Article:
22. Upper respiratory tract infections Flashcards Preview

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Flashcards in 22. Upper respiratory tract infections Deck (16):

Describe the upper respiratory tract

This includes the nose, paranasal sinuses, middle ear, nasopharynx, oropharynx, laryngopharynx, tonsils and adenoids

All of this is colonised by a variety of flora


What are some common infections of the upper respiratory tract?

Pharyngitis i.e. core throat
Otitis media (middle ear infection)

These are mainly caused by viruses


Give the name of some viral pathogens

Parainfluenza virus
Respiratory syncytial virus


Describe 'colds' as URTIs

These are caused by numerous strains of rhinoviruses
Often preceded by a sore throat, sometimes accompanied by a fever and often followed by an opportunistic bacterial infection

Can lead to otitis media (middle ear infection) in children and sinusitis in adults


Briefly describe rhinoviruses and how they can present clinically

Over 100 serotypes
Responsible for 50% of common colds

Incubation period is short - 1 to 3 days followed by headache, sore throat, blocked nose
Watery discharge from the nose
Infection resolves in about a week


Following a cold, is the patient then immune to the rhinovirus?

Following a rhinovirus cold, there is a short period of immunity to all colds

There is also prolonged immunity to the specific serotype causing the recent infection


What is pharyngitis?

This is an inflammation of the pharynx - generally due to a group A strep infection

Commonly known as a sore throat


What are the clinical features of pharyngitis?

Incubation period of 2-3 days
Sore throat, fever, feel ill,
Tender cervical nodes
Can lead to quincy
May occasionally lead to scarlet fever


What is quincy?

Inflammation of the throat
May be an abscess in the region of the tonsils


How can pharyngitis be diagnosed and treated?

Send throat swab for bacterial culture

Treated with antibiotics


What is otitis media and how is it treated?

Middle ear infection due to viruses e.g. stretpcoccus phyogenes, streptococcus pneumoniae, haemophilus influenza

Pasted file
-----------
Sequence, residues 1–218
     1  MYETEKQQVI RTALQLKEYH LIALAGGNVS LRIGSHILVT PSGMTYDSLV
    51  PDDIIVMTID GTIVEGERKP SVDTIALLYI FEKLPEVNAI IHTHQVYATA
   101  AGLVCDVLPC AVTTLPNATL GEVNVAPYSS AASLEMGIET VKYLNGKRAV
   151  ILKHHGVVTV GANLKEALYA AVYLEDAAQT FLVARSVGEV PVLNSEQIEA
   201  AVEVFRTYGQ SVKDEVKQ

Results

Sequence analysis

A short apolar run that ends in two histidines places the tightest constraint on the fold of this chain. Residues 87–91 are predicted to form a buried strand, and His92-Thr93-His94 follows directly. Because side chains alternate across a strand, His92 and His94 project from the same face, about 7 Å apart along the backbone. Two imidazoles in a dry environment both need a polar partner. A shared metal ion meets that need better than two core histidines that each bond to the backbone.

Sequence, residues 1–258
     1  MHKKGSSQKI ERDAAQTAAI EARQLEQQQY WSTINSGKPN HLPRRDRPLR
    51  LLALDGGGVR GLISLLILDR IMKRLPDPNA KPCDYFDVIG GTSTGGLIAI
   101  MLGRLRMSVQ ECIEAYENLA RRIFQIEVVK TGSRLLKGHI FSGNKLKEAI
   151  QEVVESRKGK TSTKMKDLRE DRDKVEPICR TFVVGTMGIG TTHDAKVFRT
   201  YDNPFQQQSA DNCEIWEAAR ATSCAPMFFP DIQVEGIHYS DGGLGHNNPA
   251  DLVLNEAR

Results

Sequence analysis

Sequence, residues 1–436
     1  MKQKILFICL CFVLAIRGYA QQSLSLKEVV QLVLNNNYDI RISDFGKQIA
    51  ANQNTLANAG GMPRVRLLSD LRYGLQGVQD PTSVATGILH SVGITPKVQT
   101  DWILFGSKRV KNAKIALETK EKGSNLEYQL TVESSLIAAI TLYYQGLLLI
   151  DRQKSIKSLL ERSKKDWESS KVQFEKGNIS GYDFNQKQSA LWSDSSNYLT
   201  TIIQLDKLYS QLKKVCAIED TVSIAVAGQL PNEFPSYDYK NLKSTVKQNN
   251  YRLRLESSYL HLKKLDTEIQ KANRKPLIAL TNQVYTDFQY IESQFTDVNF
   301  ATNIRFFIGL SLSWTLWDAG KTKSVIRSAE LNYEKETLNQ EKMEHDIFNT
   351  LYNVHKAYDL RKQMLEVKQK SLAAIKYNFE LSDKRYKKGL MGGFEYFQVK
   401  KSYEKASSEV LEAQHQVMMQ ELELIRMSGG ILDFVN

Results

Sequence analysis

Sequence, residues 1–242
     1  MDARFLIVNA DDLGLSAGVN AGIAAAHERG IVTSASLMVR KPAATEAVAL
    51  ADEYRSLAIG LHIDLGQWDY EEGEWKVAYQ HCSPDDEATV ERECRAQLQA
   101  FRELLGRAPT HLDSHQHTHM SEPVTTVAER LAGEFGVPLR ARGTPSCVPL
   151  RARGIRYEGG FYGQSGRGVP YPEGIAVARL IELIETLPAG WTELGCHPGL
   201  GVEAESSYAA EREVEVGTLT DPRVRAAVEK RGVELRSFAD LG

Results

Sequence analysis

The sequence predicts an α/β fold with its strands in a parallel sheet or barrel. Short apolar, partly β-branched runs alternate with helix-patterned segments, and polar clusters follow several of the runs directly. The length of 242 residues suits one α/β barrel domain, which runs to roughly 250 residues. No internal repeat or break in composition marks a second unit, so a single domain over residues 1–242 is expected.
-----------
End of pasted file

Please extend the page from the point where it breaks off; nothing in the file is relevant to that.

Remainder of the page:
Generally occurs in children and is much less common in adults

Treated with antibiotics


What is sinusitis and how is it treated?

Inflammation of a nasal sinus

Can be due to viral infection such as those causing otitis media or due to bacterial infection e.g. streptococcus pneumomniae

Treatment is not always necessary in this instance -dependant on the patient


What is epiglottitis and how is it treated??

This is an inflammation of the epiglottis (prevents food from entering the trachea) - almost always bacteraemic

Can lead to rapid onset of respiratory obstruction - a CT scan/lateral x-ray can show swelling of the soft tissues in the neck

This is a medical emergency - tracheostomy, antibiotics, prophylaxis


What is the 'Epstein Barr Virus'?

EBV - causes glandular fever
Causes a systemic disease but this usually presents as a sore throat

Can present as pharyngeal and tonsillar swelling and also often get enlargement of the spleen and the liver


What is 'Respiratory syncytial virus'?

RSV - single major pathogen in respiratory conditions in childhood

Causes a localised infection of the respiratory tract - infants have no maternal passive protection


Give the mechanism of a viral infection

Viruses are intracellular parasites

Binds to the surface of the cell and enters the cell cytoplasm
Then release the viral genome into the cell for replication
Viral proteins are then produced and progeny virus particles are formed and released
These go on to infect further host cells